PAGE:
Existing studies of environmental chemical exposures and NHL generally considered only single-chemical risk or total exposure within specific chemical groups, such as PCBs (Colt et al. 2005; De Roos et al. 2005) but did not consider the effects of simultaneous exposure to multiple diverse chemicals or environmental risk factors. Because individuals are exposed to many chemicals simultaneously, it is of particular importance to examine the relationship between chemical mixtures and disease risk. In addition, the analysis of multiple chemical exposures must also consider the inherent correlations among co-occurring environmental chemicals. The complex correlation pattern among chemical exposures and subsequent issue of collinearity has not been directly addressed in studies of NHL or other diseases.

Some studies of environmental factors and disease risk consider many exposures (Everett et al. 2008), sometimes controlling for multiple comparisons in so-called environment-wide association studies (Patel et al. 2010, 2012), but they use separate regression models for each environmental exposure. This type of analysis ignores that environmental exposures may interact (Engel et al. 2007b; Porta et al. 2012). Studies also examine pairwise correlation coefficients between environmental factors (Ioannidis et al. 2009; Patel et al. 2012), but most do not account for the correlation among factors in statistical models. The lack of statistical independence observed among exposures presents challenges to assessing many exposure effects simultaneously in one traditional regression model.

Here, we present an application of the weighted quantile sum (WQS) regression method (Carrico et al. 2014) to estimate an index for 27 correlated environmental chemicals measured in residential carpet dust in a case–control study of NHL. Estimation of chemical weights and the resulting WQS index while considering the correlation between compounds allows us to make generalized inference about the mixture effect and identify the individual chemicals (“bad actors”) most strongly associated with NHL. Because of the design of our study in four geographic regions, the analysis took a site-specific approach in a preliminary effort to consider the effects of spatially varying levels of exposures among chemical mixtures.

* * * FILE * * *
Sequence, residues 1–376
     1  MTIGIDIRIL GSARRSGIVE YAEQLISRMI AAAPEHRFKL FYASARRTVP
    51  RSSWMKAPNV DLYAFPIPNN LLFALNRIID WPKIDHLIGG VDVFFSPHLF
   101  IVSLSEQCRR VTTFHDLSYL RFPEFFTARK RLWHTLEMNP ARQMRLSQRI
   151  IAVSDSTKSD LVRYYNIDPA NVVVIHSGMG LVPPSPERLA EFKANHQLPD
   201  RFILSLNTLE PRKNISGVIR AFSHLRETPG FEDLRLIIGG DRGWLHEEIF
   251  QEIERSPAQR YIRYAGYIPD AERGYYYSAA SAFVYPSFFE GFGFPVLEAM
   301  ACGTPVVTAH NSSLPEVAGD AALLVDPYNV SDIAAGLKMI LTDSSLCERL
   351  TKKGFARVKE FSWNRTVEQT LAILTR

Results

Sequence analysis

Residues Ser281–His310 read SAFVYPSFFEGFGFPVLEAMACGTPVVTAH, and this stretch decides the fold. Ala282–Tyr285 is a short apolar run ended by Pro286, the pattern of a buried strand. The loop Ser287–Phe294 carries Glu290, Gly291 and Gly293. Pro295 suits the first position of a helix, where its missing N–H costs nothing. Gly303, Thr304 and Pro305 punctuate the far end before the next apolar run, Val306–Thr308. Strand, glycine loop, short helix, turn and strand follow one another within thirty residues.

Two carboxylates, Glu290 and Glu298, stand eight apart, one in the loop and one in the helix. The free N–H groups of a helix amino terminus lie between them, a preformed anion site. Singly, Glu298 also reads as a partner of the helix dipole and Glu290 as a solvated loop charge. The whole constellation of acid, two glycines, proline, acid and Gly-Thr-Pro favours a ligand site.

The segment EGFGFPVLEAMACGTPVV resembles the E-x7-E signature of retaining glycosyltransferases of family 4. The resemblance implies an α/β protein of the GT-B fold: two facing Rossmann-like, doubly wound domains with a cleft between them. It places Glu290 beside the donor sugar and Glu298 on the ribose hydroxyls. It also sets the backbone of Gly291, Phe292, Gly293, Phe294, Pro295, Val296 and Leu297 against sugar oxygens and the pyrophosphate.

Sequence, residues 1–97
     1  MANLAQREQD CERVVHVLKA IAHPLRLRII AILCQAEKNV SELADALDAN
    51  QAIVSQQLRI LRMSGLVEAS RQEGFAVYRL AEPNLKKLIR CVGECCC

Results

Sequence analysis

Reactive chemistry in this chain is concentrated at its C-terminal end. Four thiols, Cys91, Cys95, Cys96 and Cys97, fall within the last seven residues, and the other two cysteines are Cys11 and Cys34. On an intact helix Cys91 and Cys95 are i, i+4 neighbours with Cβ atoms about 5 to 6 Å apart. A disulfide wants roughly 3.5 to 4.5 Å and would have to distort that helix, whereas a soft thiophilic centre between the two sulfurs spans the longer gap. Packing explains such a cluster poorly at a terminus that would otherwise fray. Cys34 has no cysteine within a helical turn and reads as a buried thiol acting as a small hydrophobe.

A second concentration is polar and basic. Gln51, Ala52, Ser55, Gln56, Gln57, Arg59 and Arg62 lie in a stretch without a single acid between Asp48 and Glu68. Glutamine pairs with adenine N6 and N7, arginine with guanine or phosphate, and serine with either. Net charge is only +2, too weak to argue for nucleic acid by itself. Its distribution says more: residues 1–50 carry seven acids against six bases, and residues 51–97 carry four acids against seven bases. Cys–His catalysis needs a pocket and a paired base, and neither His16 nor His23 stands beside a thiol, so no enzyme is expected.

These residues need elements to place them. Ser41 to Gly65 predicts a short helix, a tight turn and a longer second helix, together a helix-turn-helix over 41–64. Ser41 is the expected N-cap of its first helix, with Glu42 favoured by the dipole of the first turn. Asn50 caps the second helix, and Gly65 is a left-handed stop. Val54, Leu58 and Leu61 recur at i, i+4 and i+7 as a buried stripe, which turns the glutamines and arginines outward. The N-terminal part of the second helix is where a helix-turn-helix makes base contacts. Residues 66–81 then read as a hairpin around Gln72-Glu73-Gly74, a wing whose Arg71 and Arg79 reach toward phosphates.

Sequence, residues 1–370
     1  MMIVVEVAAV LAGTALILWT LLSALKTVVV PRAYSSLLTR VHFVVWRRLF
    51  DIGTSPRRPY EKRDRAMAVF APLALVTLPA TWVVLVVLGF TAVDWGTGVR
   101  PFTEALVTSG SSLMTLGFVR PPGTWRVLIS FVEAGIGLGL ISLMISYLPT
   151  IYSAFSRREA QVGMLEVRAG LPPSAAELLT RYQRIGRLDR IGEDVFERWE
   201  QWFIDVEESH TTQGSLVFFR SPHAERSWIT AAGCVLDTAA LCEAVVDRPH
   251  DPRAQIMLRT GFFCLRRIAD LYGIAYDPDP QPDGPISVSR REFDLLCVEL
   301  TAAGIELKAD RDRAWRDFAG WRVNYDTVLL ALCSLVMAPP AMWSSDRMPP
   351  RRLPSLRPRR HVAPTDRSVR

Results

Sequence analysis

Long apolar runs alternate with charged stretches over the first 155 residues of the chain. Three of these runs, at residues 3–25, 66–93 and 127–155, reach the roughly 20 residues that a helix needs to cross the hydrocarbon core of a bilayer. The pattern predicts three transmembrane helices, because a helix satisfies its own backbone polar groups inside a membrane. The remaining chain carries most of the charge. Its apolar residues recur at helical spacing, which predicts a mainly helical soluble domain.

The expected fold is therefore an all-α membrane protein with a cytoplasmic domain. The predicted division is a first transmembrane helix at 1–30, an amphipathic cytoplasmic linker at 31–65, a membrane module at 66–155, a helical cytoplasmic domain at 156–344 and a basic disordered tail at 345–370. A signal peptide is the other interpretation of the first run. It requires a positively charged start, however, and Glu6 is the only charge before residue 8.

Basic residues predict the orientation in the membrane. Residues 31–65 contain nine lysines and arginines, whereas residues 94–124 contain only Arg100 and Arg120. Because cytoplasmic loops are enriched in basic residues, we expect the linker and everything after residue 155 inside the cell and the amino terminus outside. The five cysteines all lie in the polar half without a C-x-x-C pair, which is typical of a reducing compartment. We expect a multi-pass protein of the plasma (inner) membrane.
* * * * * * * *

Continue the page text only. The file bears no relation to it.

Methods

Study population. We conducted a population-based case–control study of NHL in four National Cancer Institute–Surveillance Epidemiology and End Results Program (NCI-SEER) study sites (http://seer.cancer.gov/). The study design has been previously described (Colt et al. 2004; Wheeler et al. 2011). Briefly, the study was conducted in Iowa, Los Angeles County, California, and the metropolitan areas of Detroit, Michigan (Macomb, Oakland, and Wayne counties) and Seattle, Washington (King and Snohomish counties). Eligible cases were 20–74 years of age, diagnosed with a first primary NHL between July 1998 and June 2000, and uninfected with HIV. In Seattle and Iowa, all consecutive cases were chosen. In Detroit and Los Angeles, all African-American cases and a random sample of white (regardless of Hispanic ethnicity) cases were eligible for study, allowing for oversampling of African-American cases. Of the 2,248 potentially eligible cases, 320 (14%) died before they could be interviewed, 127 (6%) were not located, 16 (1%) had moved away, and 57 (3%) had physician refusals. Of the 1,728 remaining cases, 1,321 (76%) participated. Controls (≥ 65 years of age) were selected from Center for Medicare and Medicaid Services files (http://dnav.cms.gov/) or the general population using random digit dialing (< 65 years of age) and were frequency matched to cases by sex, age (within 5-year groups), race, and study site. Of the 2,409 potentially eligible controls, 2,046 were able to be located and contacted, and 1,057 (52%) of these subjects participated. The study was approved by the human subjects review boards at all participating institutions. Written informed consent was obtained from each participant.

Computer-assisted personal interviews were conducted in the home of each participant. Interviewers asked about demographics including race and education, age of the home, housing type, the presence of oriental rugs, pesticide use in the home and garden, residential and occupational histories, and other factors.

Dust samples and laboratory analysis. As described in detail previously (Colt et al. 2004, 2005), dust was collected between February 1999 and May 2001 from vacuum cleaners of participants who gave permission (93% of cases, 95% of controls) and who had used their vacuum cleaner within the past year and owned at least half their carpets or rugs for ≥ 5 years [695 cases (57%), 521 controls (52%)]. Dust samples from 682 cases (98%) and 513 controls (98%) were successfully analyzed between September 1999 and September 2001.